Thursday, 22 November 2012

Tiger Leaping Gorge-ous

As Akke and I were waiting to leave Dali, we were joined by another backpacker, Otto from Finland so our group was three once more. We took the bus about 4 hours to Lijiang, and when we arrived we grabbed our bags from the luggage hold and they were wet and stinking of river fish. A polystyrene container, obviously transporting live fish, had slopped some of its contents and the padded straps of our bags soaked up the stinking liquid. We boarded another bus which was heading to a village called Qiaotou (pronounced a bit like 'chateaux'), and two hours later we arrived. We checked into Jane's Hostel, which is at the start of the Tiger Leaping Gorge trek. Before nightfall we decided to go for a little explore of the dusty village, and again the smell of cannabis wafted down from the hillsides. We started hiking up a hillside with the hope of reaching a temple looking place we had seen from the valley floor. Dusk descended as we were halfway up in the woods, having already crossed a few little farmsteads, and so decided to head back down to town as it would've been too difficult in the dark. That evening we shivered in the hostel, and chatted to a group of French girls as the night drew on. Beautiful dark haired French girls seemed to be my new weakness. I'd met two in as many days, both by chance called Camille, with sunshine eyes and heartache smiles; and both commanded my desires. I was reminded of a Jack Kerouac quote from On the Road; 'a pain stabbed my heart, as it did every time I saw a girl I loved going the opposite direction in this too-big world'. Lusting aside, before bed I wandered out into the chilly black street to take a photograph of the stars as the skies were clear and the light pollution low. 

Terraced farming on the way out from Lijiang.
Looking down onto Qiaotou at dusk
Stars over the midnight road - outside the hostel before bed.
After breakfast the next morning we left our main luggage in storage at the hostel and the three of us started the trek. We followed the road up the mountain until it became a dusty track. The banks along the side of the route were covered in funnel web spiders, their threads like hammocks and beefy looking spiders spied us from their tunnels. Looking back down into the valley we were rewarded with beautiful views, the morning sun softly lit the Jinsha River valley and a light haze clung to the water. 

Tough looking mountain spiders hiding in their silken tunnel. 
Looking back over rice terraces towards Qiaotou, a morning haze hangs in the valley. 
Rice terraces in the Jinsha River valley.
We hiked through hamlets, across rice terraces, along dusty trails and rocky paths; we ached up the 28 bends, glided through a sea of bamboo and scurried under sighing pines. The 28 bends was the most arduous part of a thigh straining climb. The incline was steep and the sun was strong, dust kicked up from our heels and caked our dry mouths. We stopped for tea in a guest house along the way, before continuing along a path which was easier, for most of the days ascent was over. We ran into another group, themselves a collection of solo travellers, apart from one couple, a Kiwi and another Fin, who had cycled to China from Ankara in Turkey. The last hour or so we walked and chatted together, before arriving at our destination for the night, the Halfway Hostel.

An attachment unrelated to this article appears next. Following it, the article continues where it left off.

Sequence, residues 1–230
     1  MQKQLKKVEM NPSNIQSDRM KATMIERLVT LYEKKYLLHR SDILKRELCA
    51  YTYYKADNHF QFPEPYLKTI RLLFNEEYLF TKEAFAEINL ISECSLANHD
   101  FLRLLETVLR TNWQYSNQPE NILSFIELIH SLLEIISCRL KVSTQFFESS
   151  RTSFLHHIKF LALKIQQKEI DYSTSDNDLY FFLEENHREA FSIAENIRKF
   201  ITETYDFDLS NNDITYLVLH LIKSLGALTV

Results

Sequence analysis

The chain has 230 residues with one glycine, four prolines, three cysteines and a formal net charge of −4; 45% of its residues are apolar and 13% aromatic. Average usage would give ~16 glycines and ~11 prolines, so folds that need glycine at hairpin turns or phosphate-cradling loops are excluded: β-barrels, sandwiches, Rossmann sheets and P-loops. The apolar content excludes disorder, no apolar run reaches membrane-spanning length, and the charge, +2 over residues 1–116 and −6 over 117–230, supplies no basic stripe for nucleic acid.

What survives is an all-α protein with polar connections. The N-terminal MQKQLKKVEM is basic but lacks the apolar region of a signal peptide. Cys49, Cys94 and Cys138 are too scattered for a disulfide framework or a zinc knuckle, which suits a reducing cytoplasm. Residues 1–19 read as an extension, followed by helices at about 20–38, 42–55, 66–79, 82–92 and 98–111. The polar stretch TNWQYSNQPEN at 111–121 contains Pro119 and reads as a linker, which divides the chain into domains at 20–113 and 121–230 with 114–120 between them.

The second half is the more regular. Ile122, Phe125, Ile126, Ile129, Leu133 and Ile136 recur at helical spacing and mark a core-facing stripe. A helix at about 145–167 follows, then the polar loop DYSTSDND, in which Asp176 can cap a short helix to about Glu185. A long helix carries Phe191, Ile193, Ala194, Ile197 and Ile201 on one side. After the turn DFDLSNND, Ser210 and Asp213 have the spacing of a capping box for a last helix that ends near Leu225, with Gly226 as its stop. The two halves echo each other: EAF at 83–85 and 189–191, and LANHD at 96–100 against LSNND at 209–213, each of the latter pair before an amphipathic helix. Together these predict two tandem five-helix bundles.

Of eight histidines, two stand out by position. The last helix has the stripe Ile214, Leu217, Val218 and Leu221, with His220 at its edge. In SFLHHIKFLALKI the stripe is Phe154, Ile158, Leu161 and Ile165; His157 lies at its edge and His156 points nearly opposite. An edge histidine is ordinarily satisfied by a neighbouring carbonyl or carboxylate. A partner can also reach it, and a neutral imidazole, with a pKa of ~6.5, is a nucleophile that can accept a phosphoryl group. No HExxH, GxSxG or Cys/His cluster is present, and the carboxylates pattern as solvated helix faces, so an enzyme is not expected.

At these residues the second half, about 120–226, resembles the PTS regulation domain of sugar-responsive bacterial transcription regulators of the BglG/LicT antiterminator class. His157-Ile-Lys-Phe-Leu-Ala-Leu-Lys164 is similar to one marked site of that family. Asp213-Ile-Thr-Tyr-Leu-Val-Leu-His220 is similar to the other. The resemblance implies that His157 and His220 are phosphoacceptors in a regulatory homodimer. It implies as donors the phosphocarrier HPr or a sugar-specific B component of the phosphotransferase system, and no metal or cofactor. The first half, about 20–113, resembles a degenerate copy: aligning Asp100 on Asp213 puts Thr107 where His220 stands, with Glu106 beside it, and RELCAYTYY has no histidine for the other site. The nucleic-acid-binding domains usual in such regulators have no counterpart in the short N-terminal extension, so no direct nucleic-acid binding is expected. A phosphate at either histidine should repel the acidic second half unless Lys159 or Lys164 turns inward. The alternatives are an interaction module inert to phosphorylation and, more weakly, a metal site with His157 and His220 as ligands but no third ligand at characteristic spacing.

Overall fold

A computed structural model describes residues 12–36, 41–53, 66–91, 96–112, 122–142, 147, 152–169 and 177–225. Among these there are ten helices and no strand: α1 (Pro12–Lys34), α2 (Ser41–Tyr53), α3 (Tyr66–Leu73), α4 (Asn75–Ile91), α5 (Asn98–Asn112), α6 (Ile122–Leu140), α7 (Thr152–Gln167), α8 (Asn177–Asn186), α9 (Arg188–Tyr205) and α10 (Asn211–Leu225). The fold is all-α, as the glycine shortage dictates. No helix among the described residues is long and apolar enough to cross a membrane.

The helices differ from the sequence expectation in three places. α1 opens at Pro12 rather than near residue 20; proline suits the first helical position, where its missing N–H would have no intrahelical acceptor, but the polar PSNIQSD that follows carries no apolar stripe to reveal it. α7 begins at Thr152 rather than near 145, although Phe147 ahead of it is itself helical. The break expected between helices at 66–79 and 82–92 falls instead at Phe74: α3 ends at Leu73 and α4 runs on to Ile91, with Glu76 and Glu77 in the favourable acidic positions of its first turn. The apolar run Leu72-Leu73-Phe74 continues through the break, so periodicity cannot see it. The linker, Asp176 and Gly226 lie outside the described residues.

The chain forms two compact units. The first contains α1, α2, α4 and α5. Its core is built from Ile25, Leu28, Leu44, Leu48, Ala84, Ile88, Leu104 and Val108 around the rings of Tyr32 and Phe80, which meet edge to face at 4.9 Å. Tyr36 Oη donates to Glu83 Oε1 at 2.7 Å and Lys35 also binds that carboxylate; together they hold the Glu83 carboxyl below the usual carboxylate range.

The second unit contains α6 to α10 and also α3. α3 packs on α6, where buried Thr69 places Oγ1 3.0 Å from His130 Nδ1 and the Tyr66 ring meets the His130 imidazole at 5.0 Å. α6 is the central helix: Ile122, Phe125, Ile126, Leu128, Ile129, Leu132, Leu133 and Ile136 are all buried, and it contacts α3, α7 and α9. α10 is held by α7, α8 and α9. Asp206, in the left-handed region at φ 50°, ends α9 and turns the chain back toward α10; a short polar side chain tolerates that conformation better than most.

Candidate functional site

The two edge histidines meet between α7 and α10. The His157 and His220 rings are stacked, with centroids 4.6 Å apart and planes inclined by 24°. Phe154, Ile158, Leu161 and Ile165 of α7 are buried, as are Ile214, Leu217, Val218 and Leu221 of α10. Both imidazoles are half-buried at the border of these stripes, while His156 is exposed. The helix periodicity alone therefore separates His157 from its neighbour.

Farmsteads along the way.
Local farmers, the indigenous Naxi people of the area. 

Drying maize in a guest house along the way.
Cannabis for sale. I asked how much, she started at £10 then dropped to £3, but you can find it for free anyway.
Myself, Akke and Otto take a break from hiking.
The mountains on the other side of the gorge. 
Looking down the valley.
I accidentally trod on this creature, but it seemed to be fine.
A rare glimpse down the gorge into the roaring water below.
The Halfway Hostel was a picturesque and quaint place, that was fairly priced considering they could charge whatever they liked. As soon as we arrived we took a beer on the rickety terrace overlooking the jagged mountains opposite. We sat out chatting as the sun slowly set and cast a performance of shadows over the battered rock face of the Jade Dragon Snow Mountain. The temperature dropped and we took the conversation inside, and the couple who had cycled from Turkey bore the brunt of the questioning and story-telling. We were a mix of two English, two French, two Dutch, two Finnish and a New Zealander. After a while the three native English speakers congregated together and traded in-jokes, and everyone else, who's English was damn near perfect, chatted amongst themselves. Later that evening I went to the top terrace to take some more star pictures, and rested my camera on the bannister as I had no space to bring a tripod. A few seconds into my second frame, a gust of wind somehow knocked the camera off the railing, it bounced on the wooden terrace and dropped 60 odd feet off the edge onto the hard ground below. Fuck. I was naturally concerned, but didn't shit myself. It sounded like it hit the ground with a solid thud, than a pant-crapping smash, so I fetched my torch and looked for a way to descend the mountain side to retrieve my camera. Somehow, and testament to Nikon, the camera was rescued unscathed, with just the smallest of cracks in the back screen protector. I did a quick test of the functions and everything seemed to be working fine. I got away with it. Next time I'll loop the camera through the strap over the railing. Lesson learned. I rejoined the group inside who had heard a thud and wondered what it was. We were all tired and before long most had gone to bed. I decided to take another couple of star pictures, that's what second chances are for. Before I could go to bed I was invited to join three middle aged Korean hikers, who were in high spirits from having sat there drinking all evening. They couldn't speak hardly any English, but they warmed to me with my three Korean words I could remember, and listing all the places I had been in Korea, just a month earlier. They were very generous and wouldn't let me leave until we had finished all their beers on the table, and somehow I was the last one in the hostel to go to bed.